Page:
Mycoplasma pneumoniae is the most significant of the mycoplasmal human pathogens, causing 20% to 30% of all community-acquired pneumonia. Even in mild cases, the economic impact of infection is considerable due to disease chronicity and associated loss of work. Serious extrapulmonary complications are not uncommon and include encephalitis and meningitis. The organism may also play a role in the pathogenesis of asthma. Mycoplasma pulmonis is a natural pathogen of rats and mice, the causative agent of murine respiratory mycoplasmosis (MRM). MRM shares many pathologic features with M. pneumoniae infection and is by far the best-characterized animal model of mycoplasmal disease. We believe that M. pulmonis and M. pneumoniae both produce at least two polysaccharides that are critical for pathogenesis. One of the polysaccharides may be capsular and the other required for a biofilm that can form in vivo and confer resistance to host defenses and antibiotic therapy. Although they have been virtually ignored by the field of mycoplasmology for the past 30 years, polysaccharides likely contribute to the pathogenesis and chronicity of disease as they do for most pulmonary bacterial pathogens. As such, the polysaccharides or the machinery that produces them, are potential therapeutic targets. The production of polysaccharides by these organisms is perhaps surprising because genome annotations identify very few genes with a potential role in polysaccharide synthesis. Mutants of M. pulmonis that fail to produce the polysaccharide EPS-I or the polysaccharide EPS-II have been identified and have transposon disruptions in genes that resemble ABC transporters and not conventional polysaccharide synthesis machinery. Polysaccharide synthesis in M. pulmonis may be novel and additional evidence suggests that the substrate for synthesis may be something other than nucleotide sugars. Whether polysaccharide synthesis in M. pneumoniae is similar to that of M. pulmonis remains to be determined.
Aim 1 of this proposal is to further study polysaccharide synthesis in M. pulmonis through the characterization of existing mutants and the isolation of additional mutants. The goal is to identify the glycosyltransferases and substrates used for polysaccharide synthesis. One approach is to identify the substrates, and/or the intermediates in the pathway of substrate synthesis, that are missing or overproduced in the mutants. A second approach is to identify reaction conditions that support polysaccharide synthesis in vitro. A third is to clone the genes required for polysaccharide synthesis into other bacteria for study.
Aim 2 is to translate what is learned in M. pulmonis to M. pneumoniae. Mutants of M. pneumoniae that fail to produce one or more polysaccharides will be isolated and studied as described for aim 1. The completion of these aims will have a major impact by establishing mycoplasmal polysaccharides as virulence factors and targets for control of infection.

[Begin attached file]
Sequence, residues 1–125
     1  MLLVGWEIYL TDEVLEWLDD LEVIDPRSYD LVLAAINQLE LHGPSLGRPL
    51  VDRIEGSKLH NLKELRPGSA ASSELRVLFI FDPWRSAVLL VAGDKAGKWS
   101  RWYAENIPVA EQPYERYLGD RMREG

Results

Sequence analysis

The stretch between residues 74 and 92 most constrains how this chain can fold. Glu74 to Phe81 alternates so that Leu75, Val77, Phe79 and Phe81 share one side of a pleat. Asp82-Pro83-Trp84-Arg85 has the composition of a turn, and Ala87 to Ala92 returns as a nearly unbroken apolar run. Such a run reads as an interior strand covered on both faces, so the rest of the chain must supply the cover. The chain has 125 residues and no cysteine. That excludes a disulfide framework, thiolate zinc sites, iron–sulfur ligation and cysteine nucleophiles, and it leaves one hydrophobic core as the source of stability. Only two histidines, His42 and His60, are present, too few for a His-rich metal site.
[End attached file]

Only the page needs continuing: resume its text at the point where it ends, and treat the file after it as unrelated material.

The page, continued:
Public Health Relevance

Using the murine pathogen Mycoplasma pulmonis as a model organism for studying host- pathogen interactions, fundamentally novel machinery for polysaccharide synthesis has been discovered. Studies of M. pulmonis and the related human pathogen Mycoplasma pneumoniae, which causes 20% of all cases of community-acquired pneumonia, will elucidate the new pathways for polysaccharide synthesis and lay the groundwork for the development of new measures for the control of infection such as through the targeting of the polysaccharide synthesis machinery with antimicrobials or the development of vaccines that use the synthesis machinery and/or the polysaccharides as immunogens.

National Institute of Health (NIH)
National Institute of Allergy and Infectious Diseases (NIAID)
High Priority, Short Term Project Award (R56)
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Bacterial Pathogenesis Study Section (BACP)
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Taylor, Christopher E,
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University of Alabama Birmingham
Schools of Medicine
United States
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Daubenspeck, James M; Jordan, David S; Simmons, Warren et al. (2015) General N-and O-Linked Glycosylation of Lipoproteins in Mycoplasmas and Role of Exogenous Oligosaccharide. PLoS One 10:e0143362
Jordan, David S; Daubenspeck, James M; Dybvig, Kevin (2013) Rhamnose biosynthesis in mycoplasmas requires precursor glycans larger than monosaccharide. Mol Microbiol 89:918-28
Simmons, Warren L; Daubenspeck, James M; Osborne, John D et al. (2013) Type 1 and type 2 strains of Mycoplasma pneumoniae form different biofilms. Microbiology 159:737-47
Jordan, David S; Daubenspeck, James M; Laube, Audra H et al. (2013) O-linked protein glycosylation in Mycoplasma. Mol Microbiol 90:1046-53